Supermarkets and food producers (who dump unused food waste in municipal landfills at a rate that is alarming many conservationists) have found a use for converter technology. By processing unused and decomposing food matter together with packaging and other refuse on site, supermarkets have achieved improvements in terms of waste disposal costs. This is in addition to improvements in public perception, which had been seriously critical of the amount of waste sent to landfills by food stores. In the UK alone 6.7 million metric tons of food waste goes into landfills each year, resulting in 8 million metric tons of CO2 being emitted.
Farms, slaughterhouses, and other food producers are likewise becoming more involved in on-site waste conversion. Larger installations especially, where garbage hauling is a major and expensive operation, currently have economic and legislative incentives to move towards operating own converters. Recent drives toward environmentally conscious or "green" technologies have even provided government budgets for such installations.
Naval vessels, cruise liners, and off-shore installations such as gas-drilling rigs and oil platforms are another logical application of converter technology. Due to the extended isolation periods of sea-going vessels and off-shore platforms there is an issue of how to store and dispose of refuse in an efficient and sanitary way. Worldwide legislation on sea dumping is strict and does not allow, under stringent penalties, any ships or sea vessels to dump waste, gray water, or even ballast water that has been collected in a remote geographic location due to the danger of biological contamination. Ship-generated waste is either held and disposed of in port waste disposal facilities or can be converted directly on the vessel for easier storage and at times (depending on waste composition) for additional fuel.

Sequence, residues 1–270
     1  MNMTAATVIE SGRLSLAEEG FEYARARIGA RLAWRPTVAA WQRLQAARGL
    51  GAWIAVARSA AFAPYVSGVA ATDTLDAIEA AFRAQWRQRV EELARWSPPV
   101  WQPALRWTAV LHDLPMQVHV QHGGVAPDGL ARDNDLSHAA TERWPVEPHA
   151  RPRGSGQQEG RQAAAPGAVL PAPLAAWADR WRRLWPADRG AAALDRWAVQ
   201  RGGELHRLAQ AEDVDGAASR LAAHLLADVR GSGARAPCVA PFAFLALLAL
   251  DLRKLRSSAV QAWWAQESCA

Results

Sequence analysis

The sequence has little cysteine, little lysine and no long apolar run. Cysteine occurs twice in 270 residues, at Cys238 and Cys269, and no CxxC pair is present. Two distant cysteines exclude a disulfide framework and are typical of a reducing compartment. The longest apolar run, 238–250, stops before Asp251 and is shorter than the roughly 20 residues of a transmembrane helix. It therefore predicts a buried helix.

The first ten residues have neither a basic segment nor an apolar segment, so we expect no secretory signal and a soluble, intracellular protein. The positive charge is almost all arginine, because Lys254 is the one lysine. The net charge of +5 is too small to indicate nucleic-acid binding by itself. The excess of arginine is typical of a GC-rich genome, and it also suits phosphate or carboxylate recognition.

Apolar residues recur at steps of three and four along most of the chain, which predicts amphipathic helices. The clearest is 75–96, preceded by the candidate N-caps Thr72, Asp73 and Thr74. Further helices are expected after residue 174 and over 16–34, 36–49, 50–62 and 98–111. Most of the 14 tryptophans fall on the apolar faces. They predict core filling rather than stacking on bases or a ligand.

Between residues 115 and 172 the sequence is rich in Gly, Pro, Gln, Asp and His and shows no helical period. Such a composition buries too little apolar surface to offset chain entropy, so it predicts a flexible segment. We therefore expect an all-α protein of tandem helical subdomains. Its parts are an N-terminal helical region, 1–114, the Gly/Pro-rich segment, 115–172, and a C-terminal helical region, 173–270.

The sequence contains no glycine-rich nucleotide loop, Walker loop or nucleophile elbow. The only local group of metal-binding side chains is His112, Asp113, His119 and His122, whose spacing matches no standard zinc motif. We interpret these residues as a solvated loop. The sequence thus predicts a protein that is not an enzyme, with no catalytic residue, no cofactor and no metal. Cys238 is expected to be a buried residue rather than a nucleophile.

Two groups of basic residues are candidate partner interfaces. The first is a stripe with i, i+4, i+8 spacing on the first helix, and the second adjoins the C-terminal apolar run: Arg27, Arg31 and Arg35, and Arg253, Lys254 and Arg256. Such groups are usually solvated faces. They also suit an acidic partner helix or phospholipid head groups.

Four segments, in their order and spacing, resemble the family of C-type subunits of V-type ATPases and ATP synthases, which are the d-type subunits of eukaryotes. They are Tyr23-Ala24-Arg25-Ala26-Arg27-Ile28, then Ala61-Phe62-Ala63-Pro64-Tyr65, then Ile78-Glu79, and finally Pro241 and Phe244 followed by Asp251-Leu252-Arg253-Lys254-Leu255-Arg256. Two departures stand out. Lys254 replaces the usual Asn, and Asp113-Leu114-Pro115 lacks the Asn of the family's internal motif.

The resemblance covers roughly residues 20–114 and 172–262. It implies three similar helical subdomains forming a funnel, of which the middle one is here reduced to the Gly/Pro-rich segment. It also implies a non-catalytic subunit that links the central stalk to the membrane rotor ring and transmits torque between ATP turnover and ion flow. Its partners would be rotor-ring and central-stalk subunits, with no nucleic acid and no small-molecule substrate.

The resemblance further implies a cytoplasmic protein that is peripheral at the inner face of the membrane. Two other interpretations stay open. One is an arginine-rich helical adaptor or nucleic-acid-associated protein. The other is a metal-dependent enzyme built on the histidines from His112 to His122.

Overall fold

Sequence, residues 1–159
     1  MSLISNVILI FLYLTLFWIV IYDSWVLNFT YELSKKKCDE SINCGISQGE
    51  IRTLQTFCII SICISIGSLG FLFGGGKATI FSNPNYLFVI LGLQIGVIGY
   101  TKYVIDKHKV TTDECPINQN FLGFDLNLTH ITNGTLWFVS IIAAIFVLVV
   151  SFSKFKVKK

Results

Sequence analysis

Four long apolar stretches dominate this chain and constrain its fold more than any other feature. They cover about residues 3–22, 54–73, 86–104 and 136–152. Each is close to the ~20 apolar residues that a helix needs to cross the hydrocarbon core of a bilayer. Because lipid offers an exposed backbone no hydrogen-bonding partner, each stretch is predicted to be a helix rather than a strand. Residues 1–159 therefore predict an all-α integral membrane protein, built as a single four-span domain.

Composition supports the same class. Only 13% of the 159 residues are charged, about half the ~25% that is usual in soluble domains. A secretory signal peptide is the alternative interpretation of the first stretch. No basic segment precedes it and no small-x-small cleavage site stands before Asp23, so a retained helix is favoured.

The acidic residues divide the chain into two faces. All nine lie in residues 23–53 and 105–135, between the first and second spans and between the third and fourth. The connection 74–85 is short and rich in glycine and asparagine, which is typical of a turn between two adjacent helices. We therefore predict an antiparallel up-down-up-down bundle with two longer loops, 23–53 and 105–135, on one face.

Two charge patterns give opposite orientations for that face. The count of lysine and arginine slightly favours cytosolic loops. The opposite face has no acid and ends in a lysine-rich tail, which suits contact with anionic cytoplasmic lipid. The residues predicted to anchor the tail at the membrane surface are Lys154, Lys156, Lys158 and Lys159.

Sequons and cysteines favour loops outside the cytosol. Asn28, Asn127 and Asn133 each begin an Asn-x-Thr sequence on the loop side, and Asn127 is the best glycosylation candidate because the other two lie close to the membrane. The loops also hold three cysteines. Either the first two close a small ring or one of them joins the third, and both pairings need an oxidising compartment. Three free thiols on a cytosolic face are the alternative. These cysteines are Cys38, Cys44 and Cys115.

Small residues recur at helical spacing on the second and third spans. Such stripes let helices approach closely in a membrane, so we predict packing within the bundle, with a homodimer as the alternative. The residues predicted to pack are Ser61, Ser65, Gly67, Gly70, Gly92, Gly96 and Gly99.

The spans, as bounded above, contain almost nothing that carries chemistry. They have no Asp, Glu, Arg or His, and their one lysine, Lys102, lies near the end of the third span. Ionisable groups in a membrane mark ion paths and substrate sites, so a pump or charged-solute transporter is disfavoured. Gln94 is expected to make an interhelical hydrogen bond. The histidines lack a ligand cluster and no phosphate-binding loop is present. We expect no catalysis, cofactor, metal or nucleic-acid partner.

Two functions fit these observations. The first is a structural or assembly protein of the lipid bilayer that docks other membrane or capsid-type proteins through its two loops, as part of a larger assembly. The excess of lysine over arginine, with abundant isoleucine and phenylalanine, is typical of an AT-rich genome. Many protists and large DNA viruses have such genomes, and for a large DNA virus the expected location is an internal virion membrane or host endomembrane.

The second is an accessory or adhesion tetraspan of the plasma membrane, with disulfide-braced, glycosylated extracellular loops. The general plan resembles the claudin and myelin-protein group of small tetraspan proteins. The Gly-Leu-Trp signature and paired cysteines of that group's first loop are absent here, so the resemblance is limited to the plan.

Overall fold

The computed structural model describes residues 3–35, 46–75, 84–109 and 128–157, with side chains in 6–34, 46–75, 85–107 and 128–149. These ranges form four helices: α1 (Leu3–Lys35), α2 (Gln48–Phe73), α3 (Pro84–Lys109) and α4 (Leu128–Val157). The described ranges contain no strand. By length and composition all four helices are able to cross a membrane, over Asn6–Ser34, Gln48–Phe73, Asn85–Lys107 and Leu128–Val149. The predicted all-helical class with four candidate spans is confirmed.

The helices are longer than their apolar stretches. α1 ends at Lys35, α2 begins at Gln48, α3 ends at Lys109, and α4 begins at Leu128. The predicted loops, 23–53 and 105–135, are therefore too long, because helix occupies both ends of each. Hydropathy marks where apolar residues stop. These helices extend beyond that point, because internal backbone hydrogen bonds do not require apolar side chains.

The converter is one of the "green technologies" available today for waste treatment. There is a clear and definite positive environmental impact stemming from the use of waste conversion into biofuel, building material, and soil compost. In 2009 ever-increasing numbers of waste exporters around the world are finding it difficult to find buyers for their cargo. Increasing numbers of local and national governments are also turning to recycling and conversion technology to relieve the pressure on already-full or overfilled landfills. Waste conversion, augmented by traditional recycling methods, now allows nearly 99% of all MSW to be reused in some way, thus sharply reducing the demand on landfills.
In 1980 only about 10% on municipal solid waste was recycled, and the product consisted largely of paper and glass recycled material. With the widespread use of autoclaves, that percentage climbed to a significant 45% by the year 2000, when composting and energy recovery became more common. With the evolution of the autoclave and the arrival of converters new uses of converted product are emerging on an ongoing basis. Some application only recently implemented are: Composting and combining with farm fertilizer, building material such as concrete additive, gasification fuel, and furnace/boiler pellet additive. The latter two are energy recovery options that only became acceptable on a large scale once the product was demonstrated to burn cleanly and within EPA emission regulations. A notable fact about energy recovery is that even though some waste was already reused in this way as early as 1980, the current generation of converters produces Biomass Fuel that burns exponentially cleaner than the incinerated waste of those times.